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Indoor Air: Ensuring High Quality for Health

by Yolando B. Adams

Omicron is the fastest-spreading variant of Covid-19 so far. Some say it spreads faster than any other virus in human history. The numbers prove how quickly it has overtaken the Delta variant in the United States. According to CNN, it accounted for 0.6 percent of cases by December 4, 89.1 percent of patients less than a month later by January 1, and 97.9 percent of cases a week later by January 8.


On January 18, CNN cited Dr. Vivek Murthy, US Surgeon General, saying that the number of Omicron cases has not yet peaked in the country. As of January 16, the US Department of Health and Human Services data showed 156,000 hospitalizations. Data from Johns Hopkins University (JHU) showed 1,796 deaths from Covid-19 on January 16 alone. Associated Press reports that specialists forecast as many as 50,000 to 300,000 more deaths due to Omicron in the US by March this year.

Hospitalizations and deaths are mostly among unvaccinated individuals, the elderly, and those who are immunocompromised. The Centers for Disease Control and Prevention (CDC) also states that since the pandemic, the number of children’s hospitalizations due to Covid-19 are now at the highest, mainly among the youngest age group from infants to four years old. These are the ones who are not yet approved for vaccination.

Compared to other Covid-19 variants, though, Omicron does not do as much damage to the lungs. CBS News reported that according to experts, Omicron infection affects the upper respiratory tract. The White House recently cited a study showing that compared to other Covid-19 variants and among fully vaccinated people, Omicron has a 53 percent lower possibility of hospitalization, a 74 percent lower likelihood of admission to the intensive care unit (ICU), and 91 percent lower probability of death.

Given the high transmission rate of Omicron, many people may become infected but can recover in isolation at home. It is, therefore, vital for every home to be prepared for this eventuality.

Indoor Air Quality

The quality of indoor air in the home will significantly impact a person with Omicron. Since the upper respiratory tract is already infected, any additional irritants will worsen the condition.

Ensure you seek professional help for inspection and maintenance services for the heating, ventilation, and air conditioning (HVAC) system. This includes furnace maintenance and repair if needed. Maintenance includes regular cleaning and changing filters to prevent clogging by dust, mold, and debris.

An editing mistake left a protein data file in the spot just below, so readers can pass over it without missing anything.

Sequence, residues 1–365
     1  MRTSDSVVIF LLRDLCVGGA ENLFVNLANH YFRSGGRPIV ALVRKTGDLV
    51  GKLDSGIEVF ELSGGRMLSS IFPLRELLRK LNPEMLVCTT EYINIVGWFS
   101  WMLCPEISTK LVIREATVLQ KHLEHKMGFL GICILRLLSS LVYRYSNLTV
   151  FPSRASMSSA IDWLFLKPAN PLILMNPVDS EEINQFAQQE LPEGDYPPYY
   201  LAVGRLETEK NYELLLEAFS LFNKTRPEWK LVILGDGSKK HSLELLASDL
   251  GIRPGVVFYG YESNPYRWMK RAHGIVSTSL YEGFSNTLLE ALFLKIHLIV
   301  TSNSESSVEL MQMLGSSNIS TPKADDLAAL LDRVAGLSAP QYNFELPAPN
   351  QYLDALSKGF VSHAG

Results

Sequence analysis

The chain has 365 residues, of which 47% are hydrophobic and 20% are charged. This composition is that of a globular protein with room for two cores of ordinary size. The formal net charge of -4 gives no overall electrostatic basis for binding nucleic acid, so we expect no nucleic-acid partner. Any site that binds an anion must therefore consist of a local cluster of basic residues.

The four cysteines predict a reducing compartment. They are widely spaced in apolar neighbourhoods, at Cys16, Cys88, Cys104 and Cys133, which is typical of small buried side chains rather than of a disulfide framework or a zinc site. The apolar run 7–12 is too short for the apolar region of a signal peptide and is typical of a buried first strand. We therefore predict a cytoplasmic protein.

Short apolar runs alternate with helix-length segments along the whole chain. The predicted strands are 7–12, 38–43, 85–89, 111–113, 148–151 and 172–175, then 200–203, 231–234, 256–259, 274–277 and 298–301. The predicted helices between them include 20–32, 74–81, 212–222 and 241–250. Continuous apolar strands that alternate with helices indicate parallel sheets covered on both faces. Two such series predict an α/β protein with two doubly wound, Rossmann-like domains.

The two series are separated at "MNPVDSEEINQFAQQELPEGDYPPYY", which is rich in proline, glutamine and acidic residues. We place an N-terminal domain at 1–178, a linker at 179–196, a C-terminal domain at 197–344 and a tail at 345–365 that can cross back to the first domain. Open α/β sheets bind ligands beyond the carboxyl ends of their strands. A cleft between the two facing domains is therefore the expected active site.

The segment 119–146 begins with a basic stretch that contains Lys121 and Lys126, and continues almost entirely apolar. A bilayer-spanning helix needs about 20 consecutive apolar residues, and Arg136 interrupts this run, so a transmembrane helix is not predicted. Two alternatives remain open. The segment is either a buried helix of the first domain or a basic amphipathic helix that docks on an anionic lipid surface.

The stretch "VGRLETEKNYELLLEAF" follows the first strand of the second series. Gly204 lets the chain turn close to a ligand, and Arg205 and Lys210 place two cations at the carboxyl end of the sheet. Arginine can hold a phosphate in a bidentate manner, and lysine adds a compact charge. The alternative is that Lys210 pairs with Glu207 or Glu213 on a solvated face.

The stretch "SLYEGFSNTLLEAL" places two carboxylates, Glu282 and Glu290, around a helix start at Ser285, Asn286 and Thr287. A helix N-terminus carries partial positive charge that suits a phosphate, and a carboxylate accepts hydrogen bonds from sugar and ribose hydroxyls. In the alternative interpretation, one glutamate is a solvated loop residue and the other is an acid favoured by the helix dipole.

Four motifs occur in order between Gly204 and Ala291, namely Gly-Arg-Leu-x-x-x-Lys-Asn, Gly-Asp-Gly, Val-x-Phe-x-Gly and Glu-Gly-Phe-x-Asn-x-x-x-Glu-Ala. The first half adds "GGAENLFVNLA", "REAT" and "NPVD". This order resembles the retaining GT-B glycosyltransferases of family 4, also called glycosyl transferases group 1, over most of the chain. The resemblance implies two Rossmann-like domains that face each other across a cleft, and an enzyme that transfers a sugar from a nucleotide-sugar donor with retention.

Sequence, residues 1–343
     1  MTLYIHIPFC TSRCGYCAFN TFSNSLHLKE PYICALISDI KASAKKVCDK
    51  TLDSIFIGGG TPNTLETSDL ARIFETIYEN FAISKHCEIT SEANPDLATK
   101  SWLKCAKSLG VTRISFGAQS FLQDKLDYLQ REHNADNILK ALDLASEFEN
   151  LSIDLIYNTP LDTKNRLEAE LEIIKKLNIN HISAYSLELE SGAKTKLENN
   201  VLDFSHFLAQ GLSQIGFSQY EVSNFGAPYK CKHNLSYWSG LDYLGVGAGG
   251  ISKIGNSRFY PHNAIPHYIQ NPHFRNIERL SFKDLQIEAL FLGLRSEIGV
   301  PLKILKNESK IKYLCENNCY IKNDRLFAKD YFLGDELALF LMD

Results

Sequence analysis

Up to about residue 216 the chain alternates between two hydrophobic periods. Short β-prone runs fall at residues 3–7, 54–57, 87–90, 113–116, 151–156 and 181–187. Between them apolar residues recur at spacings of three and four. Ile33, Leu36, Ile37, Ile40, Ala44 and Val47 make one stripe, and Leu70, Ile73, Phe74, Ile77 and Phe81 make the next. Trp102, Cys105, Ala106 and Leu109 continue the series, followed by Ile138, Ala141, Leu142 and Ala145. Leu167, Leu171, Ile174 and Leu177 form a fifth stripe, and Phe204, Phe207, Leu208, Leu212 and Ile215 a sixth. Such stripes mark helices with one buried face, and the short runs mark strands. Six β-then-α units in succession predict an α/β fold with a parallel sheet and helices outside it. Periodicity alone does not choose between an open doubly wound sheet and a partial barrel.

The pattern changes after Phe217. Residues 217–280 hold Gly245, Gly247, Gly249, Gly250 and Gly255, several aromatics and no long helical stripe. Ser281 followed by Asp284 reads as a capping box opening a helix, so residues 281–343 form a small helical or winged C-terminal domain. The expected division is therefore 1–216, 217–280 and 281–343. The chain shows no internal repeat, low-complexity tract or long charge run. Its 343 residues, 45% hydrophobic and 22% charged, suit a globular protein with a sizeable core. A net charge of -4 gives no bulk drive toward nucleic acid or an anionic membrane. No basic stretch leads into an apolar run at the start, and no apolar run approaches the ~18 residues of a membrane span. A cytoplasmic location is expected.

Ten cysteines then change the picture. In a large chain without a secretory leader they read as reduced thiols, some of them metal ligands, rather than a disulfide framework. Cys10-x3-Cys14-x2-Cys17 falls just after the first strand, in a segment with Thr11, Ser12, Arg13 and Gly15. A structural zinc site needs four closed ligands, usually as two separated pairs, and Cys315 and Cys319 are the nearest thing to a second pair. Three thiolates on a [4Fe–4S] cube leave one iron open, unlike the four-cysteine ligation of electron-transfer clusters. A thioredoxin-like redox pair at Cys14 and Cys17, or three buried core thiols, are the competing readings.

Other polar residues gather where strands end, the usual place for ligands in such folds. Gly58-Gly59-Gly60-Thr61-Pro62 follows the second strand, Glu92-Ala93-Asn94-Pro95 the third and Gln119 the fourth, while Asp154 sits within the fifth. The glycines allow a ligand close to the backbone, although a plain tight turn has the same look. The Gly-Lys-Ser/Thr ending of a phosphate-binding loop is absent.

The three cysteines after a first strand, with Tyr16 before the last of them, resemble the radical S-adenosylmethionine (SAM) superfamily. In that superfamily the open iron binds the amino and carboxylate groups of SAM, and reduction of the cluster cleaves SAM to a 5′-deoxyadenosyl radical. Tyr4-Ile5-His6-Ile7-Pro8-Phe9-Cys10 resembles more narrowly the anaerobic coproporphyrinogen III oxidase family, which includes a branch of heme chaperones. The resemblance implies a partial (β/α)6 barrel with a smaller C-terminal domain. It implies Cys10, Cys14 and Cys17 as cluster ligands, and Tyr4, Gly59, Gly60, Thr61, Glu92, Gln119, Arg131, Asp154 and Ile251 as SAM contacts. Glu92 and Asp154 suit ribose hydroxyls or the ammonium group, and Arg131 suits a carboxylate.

Install a carbon monoxide detector and alarm system in every room in the house. Check these out every month to ensure that they are in good working condition. Regular maintenance ensures that professional service providers will be able to immediately detect and repair any furnace leaks that will pollute your home with deadly carbon monoxide.

The CDC recommends using an HVAC system compatible with a high-efficiency particulate air (HEPA) filter. This efficiency is 99.97 percent in trapping airborne Covid-19 virus particles encapsulated in human respiratory droplets. Adding portable HEPA filters to rooms that many residents often occupy at a time will make air-cleaning faster and increase protection.

Likewise, the HVAC system must include ultraviolet germicidal irradiation (UVGI) that inactivates pathogens in the air that flows through it, including the many variants of the Covid-19 virus. Having the UVGI within the HVAC system is safer because it prevents harmful direct exposure of residents to the UV rays.

These measures to trap and inactivate the virus will help protect other people in the household where there is a patient with Omicron. These do not eliminate the need for the person to be isolated in one room with no direct contact with other household members.

The CDC also recommends maximizing the inflow of fresh air from outside into the indoor space. The HVAC system’s settings must be adjusted to do this. Whenever the weather permits, open as many windows as possible. In warm weather, use fans throughout the house to help circulate cool air from outside.

Exhaust fans throughout the house will siphon away indoor air and assist in the air exchange. Ensure an exhaust fan above the stove in the kitchen to take smoke from cooking out of the house. Smoke contains particles that will irritate the respiratory tract and stay in the lungs.

Final Thoughts

With the way Omicron is rapidly spreading even among vaccinated people, preparing the home for possible isolation is a must. Once someone at home is infected, service providers can no longer enter to do maintenance and repair. Act now while you have time.

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